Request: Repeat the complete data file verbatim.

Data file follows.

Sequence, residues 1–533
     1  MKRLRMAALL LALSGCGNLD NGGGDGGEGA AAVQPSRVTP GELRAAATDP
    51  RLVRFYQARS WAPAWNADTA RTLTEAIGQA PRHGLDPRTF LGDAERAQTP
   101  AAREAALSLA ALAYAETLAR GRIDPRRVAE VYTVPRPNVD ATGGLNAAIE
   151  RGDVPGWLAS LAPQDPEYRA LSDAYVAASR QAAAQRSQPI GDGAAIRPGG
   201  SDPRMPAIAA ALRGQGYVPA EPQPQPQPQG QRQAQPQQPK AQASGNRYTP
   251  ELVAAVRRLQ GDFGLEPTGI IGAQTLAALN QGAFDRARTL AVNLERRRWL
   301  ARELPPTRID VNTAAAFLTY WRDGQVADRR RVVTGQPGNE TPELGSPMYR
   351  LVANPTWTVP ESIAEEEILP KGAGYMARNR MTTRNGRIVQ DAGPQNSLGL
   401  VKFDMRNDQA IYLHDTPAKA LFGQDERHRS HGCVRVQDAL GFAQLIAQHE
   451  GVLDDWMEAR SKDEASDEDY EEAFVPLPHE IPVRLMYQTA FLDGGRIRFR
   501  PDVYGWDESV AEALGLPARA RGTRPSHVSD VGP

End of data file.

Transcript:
Sequence, residues 1–533
     1  MKRLRMAALL LALSGCGNLD NGGGDGGEGA AAVQPSRVTP GELRAAATDP
    51  RLVRFYQARS WAPAWNADTA RTLTEAIGQA PRHGLDPRTF LGDAERAQTP
   101  AAREAALSLA ALAYAETLAR GRIDPRRVAE VYTVPRPNVD ATGGLNAAIE
   151  RGDVPGWLAS LAPQDPEYRA LSDAYVAASR QAAAQRSQPI GDGAAIRPGG
   201  SDPRMPAIAA ALRGQGYVPA EPQPQPQPQG QRQAQPQQPK AQASGNRYTP
   251  ELVAAVRRLQ GDFGLEPTGI IGAQTLAALN QGAFDRARTL AVNLERRRWL
   301  ARELPPTRID VNTAAAFLTY WRDGQVADRR RVVTGQPGNE TPELGSPMYR
   351  LVANPTWTVP ESIAEEEILP KGAGYMARNR MTTRNGRIVQ DAGPQNSLGL
   401  VKFDMRNDQA IYLHDTPAKA LFGQDERHRS HGCVRVQDAL GFAQLIAQHE
   451  GVLDDWMEAR SKDEASDEDY EEAFVPLPHE IPVRLMYQTA FLDGGRIRFR
   501  PDVYGWDESV AEALGLPARA RGTRPSHVSD VGP